focuses on best-selling account of Christian-Jewish history
the evening of April 27, a chatty, springtime crowd--about half
students--filled Devlin auditorium for what was billed as a "conversation"
with the author James Carroll. In 1996, Carroll's An American
Requiem: God, My Father, and the War that Came between Us, an
autobiographical account of the young priest's chilled relationship
with his father, an air force general, during the Vietnam War, won
a National Book Award. The subject this evening would be the now
ex-priest's recent and possibly even more controversial best-seller,
Constantine's Sword: The Church and the Jews; a History--Carroll's
account of the pained relationship between the Catholic Church and
the Jewish people. Like An American Requiem, it is history
leavened with memoir and accompanied by self-examination. Carroll's
visit was sponsored by the Theology Department and Boston College's
new Center for Christian-Jewish Learning. Three BC scholars had
been asked to give their views on Carroll's rendering of theology
Carroll began with a story that appears in his book. He described
how he first encountered anti-Semitism as a child, after suggesting
to his best friend, Peter, that they go for a swim at the local
country club. "We don't go there," said Peter simply, "because it's
a club, and we're Jews." Carroll proceeded to deliver a telescoped
history of Christian-Jewish relations in key times and places, from
the root of Christians' anti-Judaism--biblical accounts of the Crucifixion--through
the emergence of the term "anti-Semitism"in the late 19th century,
to the present time. The Inquisition, when even those Jews who had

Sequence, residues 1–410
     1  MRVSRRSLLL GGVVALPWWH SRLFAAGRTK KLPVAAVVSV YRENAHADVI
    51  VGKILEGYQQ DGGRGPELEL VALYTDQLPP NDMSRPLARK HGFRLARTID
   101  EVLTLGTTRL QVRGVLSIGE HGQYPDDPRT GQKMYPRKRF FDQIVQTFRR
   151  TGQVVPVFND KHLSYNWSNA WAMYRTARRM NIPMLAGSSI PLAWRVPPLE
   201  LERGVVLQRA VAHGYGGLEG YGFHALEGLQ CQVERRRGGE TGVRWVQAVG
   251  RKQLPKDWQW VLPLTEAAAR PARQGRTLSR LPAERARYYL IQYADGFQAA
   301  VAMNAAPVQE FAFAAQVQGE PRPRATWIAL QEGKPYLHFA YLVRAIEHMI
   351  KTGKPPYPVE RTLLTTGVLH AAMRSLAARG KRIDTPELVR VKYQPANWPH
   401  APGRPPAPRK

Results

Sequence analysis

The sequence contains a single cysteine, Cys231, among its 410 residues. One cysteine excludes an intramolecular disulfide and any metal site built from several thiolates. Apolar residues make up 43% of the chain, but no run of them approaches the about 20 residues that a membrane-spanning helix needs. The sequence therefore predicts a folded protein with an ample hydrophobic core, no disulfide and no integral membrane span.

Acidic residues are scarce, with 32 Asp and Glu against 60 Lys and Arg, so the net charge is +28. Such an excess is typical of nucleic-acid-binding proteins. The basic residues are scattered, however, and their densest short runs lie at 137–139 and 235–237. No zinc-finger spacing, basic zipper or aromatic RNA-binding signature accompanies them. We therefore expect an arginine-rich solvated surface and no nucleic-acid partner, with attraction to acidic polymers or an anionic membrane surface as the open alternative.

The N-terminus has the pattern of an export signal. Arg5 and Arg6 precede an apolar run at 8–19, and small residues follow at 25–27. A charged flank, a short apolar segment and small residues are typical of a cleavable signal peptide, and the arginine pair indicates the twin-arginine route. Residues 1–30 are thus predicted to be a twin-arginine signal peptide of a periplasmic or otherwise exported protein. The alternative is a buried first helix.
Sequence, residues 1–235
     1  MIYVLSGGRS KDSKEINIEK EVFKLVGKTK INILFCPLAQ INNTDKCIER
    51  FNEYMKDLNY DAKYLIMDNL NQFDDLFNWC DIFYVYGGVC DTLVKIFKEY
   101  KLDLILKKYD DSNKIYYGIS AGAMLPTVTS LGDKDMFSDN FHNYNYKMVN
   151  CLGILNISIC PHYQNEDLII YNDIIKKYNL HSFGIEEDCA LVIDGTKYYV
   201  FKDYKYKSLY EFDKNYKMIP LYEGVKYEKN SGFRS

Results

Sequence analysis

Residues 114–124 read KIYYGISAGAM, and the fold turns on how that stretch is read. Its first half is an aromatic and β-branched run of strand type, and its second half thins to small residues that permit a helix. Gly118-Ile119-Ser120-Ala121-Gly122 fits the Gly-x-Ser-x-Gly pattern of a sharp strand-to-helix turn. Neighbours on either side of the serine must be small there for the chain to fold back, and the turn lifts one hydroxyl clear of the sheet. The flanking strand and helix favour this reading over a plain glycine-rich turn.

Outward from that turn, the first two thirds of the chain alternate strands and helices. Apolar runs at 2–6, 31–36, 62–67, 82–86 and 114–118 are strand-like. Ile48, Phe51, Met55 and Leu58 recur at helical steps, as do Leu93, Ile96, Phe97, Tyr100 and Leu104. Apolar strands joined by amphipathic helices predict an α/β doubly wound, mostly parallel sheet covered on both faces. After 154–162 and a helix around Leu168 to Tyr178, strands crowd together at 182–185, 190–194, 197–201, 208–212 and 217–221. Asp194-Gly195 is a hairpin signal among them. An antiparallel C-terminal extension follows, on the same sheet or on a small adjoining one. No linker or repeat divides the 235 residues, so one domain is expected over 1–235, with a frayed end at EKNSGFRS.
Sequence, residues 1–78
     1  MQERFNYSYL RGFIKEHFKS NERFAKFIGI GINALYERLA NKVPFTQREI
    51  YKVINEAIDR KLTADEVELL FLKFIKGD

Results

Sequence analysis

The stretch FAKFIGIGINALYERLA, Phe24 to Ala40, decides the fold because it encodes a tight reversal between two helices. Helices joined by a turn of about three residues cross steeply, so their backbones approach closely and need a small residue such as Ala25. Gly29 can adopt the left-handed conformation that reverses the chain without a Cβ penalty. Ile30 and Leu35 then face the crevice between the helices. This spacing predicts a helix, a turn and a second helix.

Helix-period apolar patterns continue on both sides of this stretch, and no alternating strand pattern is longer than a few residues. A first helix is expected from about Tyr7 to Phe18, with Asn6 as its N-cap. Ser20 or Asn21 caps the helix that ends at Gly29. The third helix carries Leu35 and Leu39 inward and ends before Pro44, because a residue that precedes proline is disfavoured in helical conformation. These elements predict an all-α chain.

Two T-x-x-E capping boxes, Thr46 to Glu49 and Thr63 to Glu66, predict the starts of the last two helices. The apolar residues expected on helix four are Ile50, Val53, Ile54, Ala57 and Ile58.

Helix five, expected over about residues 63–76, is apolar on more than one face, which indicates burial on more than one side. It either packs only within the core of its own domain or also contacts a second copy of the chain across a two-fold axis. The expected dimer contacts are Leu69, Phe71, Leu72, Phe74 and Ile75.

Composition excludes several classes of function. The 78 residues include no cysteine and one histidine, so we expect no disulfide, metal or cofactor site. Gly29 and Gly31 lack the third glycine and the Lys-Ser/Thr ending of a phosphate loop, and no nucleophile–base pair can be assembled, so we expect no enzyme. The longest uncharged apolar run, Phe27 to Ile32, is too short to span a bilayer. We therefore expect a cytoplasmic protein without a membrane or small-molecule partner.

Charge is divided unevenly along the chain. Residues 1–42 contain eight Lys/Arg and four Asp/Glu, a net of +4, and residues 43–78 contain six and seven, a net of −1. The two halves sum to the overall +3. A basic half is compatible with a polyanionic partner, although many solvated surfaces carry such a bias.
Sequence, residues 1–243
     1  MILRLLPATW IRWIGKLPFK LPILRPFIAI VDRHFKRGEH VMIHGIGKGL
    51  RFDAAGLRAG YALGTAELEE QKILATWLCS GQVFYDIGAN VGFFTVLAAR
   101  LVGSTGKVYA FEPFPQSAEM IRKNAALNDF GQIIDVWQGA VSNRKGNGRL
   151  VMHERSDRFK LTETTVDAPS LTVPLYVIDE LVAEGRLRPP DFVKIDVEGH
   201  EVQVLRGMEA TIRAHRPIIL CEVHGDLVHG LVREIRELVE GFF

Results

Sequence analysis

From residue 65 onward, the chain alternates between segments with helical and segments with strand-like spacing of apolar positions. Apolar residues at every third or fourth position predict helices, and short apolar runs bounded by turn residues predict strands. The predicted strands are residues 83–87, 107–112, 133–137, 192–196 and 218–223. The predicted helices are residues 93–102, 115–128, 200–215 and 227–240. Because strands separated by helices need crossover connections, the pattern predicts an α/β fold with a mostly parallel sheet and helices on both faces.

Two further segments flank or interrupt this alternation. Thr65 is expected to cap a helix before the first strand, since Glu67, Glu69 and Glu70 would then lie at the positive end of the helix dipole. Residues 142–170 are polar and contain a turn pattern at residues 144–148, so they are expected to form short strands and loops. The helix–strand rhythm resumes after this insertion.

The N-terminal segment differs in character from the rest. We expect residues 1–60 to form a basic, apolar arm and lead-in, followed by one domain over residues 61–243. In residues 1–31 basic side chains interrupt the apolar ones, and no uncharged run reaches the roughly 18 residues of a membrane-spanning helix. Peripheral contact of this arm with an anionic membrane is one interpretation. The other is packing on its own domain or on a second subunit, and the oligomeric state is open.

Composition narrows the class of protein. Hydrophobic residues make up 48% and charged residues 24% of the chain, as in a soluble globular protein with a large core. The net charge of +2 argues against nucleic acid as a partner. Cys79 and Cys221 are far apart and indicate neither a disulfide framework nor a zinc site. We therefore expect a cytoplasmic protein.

converted to Christianity came in for suspicion and maltreatment,
was, he said, a pivotal point. The fear that Jews might corrupt
the Church from within spelled the beginning of "paranoid conspiracy
theories" aimed at all Jews.
Carroll acknowledged advances that the Catholic Church has made
in reconciling with Jews since Vatican II, including the Church's
rejection 36 years ago of the notion that Jews committed deicide,
but he went on to call for a Vatican III, challenging his Church
and coreligionists to redefine their theology in the direction of
a broad, deep inclusiveness. Returning to the story of his friend
Peter, he said, "Christians thought we could recruit God into our
club, but what if God is not recruitable?" God, he said,"is greater
than any religion."
The three BC professors responded to Carroll's book (although not
his remarks of the evening) with respect and some measure of admiration,
but with finely honed criticism as well. Professor of Judaic Studies
Rabbi Ruth Langer spoke first and the most favorably. Putting aside
what she said were "serious questions" that could be raised on a
scholarly level, she opted to discuss the book in a more personal
way. Carroll should have labeled the book a "confession," she said,
rather than a "history." Langer compared Carroll's soul-searching
to the Jewish idea of a moral reckoning that must precede any genuine
act of repentance. But she expressed concern that the Church's post-Vatican
II teachings have not yet penetrated the Catholic community at large.
"Engagement of the confessional process," she said, "is non-negotiable."
Philip A. Cunningham, an adjunct theology professor and the center's
executive director, took issue not only with certain specific historical
references of Carroll's but also with what he considered Carroll's
inadequate attention to the progressive reversals in Church doctrine
since Vatican II. The "revolution," he said, is still being implemented.
Attitudes that became entrenched over nearly 2,000 years take more
than 40 years to reverse.
Lastly, Associate Theology Professor Fr. Robert Imbelli concentrated
on Carroll's call for a revised Christology, the branch of theology
concerned with the nature and significance of Jesus. Imbelli took
several "soundings" from Carroll's book to demonstrate what he said
was the theological inadequacy of Carroll's understanding of Jesus.
He asserted that Carroll's Christology--which emphasizes Jesus as
teacher rather than savior--denies the centrality of Jesus's crucifixion
and death and does not reliably represent Catholic tradition.
Carroll responded graciously if forcefully to the professors' critiques.
"This book," he said, "is not a celebration of what we have done,
but a call for our Church to do much more."
Miriam Udel Lambert
Miriam Udel Lambert is a freelance writer based in Cambridge, Massachusetts.
Photo: Author James Carroll: recruiting God into the club. Lee Pellegrini